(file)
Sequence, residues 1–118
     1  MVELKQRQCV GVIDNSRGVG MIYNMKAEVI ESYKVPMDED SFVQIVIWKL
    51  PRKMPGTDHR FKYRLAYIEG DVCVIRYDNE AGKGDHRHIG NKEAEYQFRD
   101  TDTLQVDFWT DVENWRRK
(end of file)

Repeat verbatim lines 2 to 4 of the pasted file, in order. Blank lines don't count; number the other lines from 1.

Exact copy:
     1  MVELKQRQCV GVIDNSRGVG MIYNMKAEVI ESYKVPMDED SFVQIVIWKL
    51  PRKMPGTDHR FKYRLAYIEG DVCVIRYDNE AGKGDHRHIG NKEAEYQFRD
   101  TDTLQVDFWT DVENWRRK